40. Nancy, thanks for reporting back on this. You might want to try some more reliable organic remedies, such as milk sprays or baking soda. Both have some efficacy on certain types of foliar disease. If you’re interested, my web site has a horticultural myth section that presents the evidence on both of these treatments.

  41. Nancy Barginear–To do a proper research on cornmeal, you would need to have to divide your plot of garden for daylily in say at least 10 little lots. You would need a reasonable size of say 10 square feet per lot (for a small garden). That will be 100 square feet in total (10 feet by 10 feet). In each lot, you will have a control lot without cornmeal , and cornmeal application of 1 oz , 2 oz, 3 oz,….9 oz to each of the remaining 10-sq-feet-lot. Thoroughly mixed in the cornmeal and work the soil in the control lot without cornmeal (make sure the control lot has the same treatment of the other lots without the cornmeal that’s all); give it a good watering everyday. Give it a few weeks for the Trichoderma to grow then plant your daylily. You can then tell whether the cornmeal worked to prevent harmful fungal infection of the plants. The results will also tell you which concentration of cornmeal is optimal to apply. I hope this will help you in your “research” interest into using cornmeal to help “prevent” fungal infection of your plants. “Prevention is better than cure”. Just trying to help you with some research methodoloy. Nothing else.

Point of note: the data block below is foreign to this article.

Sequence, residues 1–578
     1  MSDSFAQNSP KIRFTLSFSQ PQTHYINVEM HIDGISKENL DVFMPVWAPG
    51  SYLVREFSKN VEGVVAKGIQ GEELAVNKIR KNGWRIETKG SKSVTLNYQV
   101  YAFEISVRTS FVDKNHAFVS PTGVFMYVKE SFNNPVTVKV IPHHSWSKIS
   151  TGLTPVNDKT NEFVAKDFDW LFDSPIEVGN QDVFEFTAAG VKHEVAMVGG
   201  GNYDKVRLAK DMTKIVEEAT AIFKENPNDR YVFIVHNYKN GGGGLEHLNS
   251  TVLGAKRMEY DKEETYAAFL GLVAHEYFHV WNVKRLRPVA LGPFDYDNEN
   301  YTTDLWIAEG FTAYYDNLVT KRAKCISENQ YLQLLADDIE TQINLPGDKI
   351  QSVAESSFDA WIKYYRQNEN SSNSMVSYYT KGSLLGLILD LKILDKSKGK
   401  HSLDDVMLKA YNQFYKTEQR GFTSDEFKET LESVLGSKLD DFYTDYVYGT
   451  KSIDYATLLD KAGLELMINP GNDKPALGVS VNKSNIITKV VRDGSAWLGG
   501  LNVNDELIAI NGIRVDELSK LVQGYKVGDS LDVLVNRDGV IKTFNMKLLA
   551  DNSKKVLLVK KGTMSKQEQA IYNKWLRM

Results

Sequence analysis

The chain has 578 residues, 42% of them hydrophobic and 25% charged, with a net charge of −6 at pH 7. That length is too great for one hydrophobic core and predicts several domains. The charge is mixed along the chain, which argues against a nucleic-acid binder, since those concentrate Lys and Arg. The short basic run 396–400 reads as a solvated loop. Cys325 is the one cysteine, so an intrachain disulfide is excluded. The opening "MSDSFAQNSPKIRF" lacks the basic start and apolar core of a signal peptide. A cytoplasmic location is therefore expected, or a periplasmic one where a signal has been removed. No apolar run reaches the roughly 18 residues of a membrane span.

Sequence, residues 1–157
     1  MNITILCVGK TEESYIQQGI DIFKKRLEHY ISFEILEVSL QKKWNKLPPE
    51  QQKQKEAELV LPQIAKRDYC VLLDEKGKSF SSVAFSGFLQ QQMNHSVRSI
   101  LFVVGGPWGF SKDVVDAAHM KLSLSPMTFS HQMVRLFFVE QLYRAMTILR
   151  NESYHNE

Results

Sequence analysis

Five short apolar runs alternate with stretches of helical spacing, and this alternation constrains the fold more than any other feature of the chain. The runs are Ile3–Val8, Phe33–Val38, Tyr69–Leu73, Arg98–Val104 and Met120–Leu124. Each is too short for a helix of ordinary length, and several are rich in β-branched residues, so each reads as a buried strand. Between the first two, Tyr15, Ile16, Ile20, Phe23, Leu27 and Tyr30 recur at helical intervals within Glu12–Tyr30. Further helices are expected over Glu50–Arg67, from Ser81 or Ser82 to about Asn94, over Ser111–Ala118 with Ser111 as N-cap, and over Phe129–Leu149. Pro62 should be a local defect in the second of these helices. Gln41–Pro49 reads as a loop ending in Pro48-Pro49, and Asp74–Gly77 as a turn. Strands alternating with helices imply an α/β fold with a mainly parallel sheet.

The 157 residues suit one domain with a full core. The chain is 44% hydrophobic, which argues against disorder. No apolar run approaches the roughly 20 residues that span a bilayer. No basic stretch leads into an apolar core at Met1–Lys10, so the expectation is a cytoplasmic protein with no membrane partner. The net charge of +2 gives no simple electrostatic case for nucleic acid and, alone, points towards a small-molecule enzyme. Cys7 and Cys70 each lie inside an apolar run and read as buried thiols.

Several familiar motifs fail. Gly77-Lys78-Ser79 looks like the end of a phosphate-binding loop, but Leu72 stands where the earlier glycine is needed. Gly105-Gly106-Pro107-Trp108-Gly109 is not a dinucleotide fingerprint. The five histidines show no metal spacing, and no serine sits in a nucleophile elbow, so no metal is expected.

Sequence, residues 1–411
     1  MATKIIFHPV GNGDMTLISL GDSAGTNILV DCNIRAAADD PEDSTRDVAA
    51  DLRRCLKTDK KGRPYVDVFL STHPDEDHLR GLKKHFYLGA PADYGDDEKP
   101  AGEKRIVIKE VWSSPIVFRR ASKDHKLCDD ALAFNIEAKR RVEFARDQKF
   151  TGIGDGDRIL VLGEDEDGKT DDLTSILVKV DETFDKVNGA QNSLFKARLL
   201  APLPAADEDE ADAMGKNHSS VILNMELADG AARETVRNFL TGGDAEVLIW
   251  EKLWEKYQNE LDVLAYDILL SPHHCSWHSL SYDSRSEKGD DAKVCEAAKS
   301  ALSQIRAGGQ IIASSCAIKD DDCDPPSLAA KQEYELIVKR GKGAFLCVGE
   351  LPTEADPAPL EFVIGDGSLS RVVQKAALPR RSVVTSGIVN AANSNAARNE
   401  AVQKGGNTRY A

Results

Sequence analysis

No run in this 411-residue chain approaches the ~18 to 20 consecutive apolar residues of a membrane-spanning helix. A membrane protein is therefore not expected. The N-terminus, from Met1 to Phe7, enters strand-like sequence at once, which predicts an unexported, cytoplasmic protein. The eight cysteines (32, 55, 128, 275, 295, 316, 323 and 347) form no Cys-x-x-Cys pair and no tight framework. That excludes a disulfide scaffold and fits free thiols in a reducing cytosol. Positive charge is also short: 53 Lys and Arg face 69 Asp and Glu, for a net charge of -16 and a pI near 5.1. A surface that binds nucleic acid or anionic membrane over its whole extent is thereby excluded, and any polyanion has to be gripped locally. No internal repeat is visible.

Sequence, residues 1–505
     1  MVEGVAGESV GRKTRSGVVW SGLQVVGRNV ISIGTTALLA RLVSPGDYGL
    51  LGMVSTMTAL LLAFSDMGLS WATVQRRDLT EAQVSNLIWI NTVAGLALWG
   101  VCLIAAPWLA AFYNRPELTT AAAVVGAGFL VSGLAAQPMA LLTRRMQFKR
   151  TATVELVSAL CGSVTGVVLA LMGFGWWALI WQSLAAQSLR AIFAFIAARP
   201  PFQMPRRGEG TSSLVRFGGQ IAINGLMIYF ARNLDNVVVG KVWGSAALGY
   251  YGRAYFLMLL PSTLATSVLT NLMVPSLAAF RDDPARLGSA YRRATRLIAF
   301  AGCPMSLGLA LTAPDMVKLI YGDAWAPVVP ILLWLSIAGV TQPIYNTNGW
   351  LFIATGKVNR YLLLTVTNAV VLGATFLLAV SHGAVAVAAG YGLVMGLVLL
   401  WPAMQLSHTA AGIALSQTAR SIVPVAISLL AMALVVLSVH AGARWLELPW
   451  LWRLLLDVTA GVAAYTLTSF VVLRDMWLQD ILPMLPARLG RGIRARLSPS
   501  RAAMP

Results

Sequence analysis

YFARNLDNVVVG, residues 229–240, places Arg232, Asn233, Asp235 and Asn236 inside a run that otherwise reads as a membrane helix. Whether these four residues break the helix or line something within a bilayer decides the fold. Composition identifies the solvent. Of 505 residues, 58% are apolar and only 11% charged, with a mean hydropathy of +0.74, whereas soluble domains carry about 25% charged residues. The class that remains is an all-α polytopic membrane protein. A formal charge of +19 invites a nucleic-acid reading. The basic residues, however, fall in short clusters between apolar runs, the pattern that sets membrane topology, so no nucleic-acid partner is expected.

42. Valuable advice, Onn Yu – but it applies to *everyone* who has commented here on using cornmeal, not just Nancy. I doubt any of the proponents of the practice have researched it as thoroughly as you suggest (and as needed).

  43. I did use the baking soda and molasses on this rust-prone plant, but that didn’t work either.

    Onn Yu, thank you for the information, but reconstructing our existing daylily beds is not an option. I would need to apply products that would suppress or eliminate rust.